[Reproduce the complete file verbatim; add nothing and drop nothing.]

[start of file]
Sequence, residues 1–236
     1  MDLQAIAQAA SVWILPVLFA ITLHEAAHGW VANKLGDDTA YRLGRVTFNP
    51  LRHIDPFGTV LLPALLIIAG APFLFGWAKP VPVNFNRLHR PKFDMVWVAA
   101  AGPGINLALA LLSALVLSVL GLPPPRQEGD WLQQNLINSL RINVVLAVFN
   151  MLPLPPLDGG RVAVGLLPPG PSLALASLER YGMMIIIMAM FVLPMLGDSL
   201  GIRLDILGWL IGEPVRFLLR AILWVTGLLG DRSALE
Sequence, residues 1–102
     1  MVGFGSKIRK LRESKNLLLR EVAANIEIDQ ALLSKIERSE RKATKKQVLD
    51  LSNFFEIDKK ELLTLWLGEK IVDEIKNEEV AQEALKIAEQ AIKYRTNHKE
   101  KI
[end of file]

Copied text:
Sequence, residues 1–236
     1  MDLQAIAQAA SVWILPVLFA ITLHEAAHGW VANKLGDDTA YRLGRVTFNP
    51  LRHIDPFGTV LLPALLIIAG APFLFGWAKP VPVNFNRLHR PKFDMVWVAA
   101  AGPGINLALA LLSALVLSVL GLPPPRQEGD WLQQNLINSL RINVVLAVFN
   151  MLPLPPLDGG RVAVGLLPPG PSLALASLER YGMMIIIMAM FVLPMLGDSL
   201  GIRLDILGWL IGEPVRFLLR AILWVTGLLG DRSALE
Sequence, residues 1–102
     1  MVGFGSKIRK LRESKNLLLR EVAANIEIDQ ALLSKIERSE RKATKKQVLD
    51  LSNFFEIDKK ELLTLWLGEK IVDEIKNEEV AQEALKIAEQ AIKYRTNHKE
   101  KI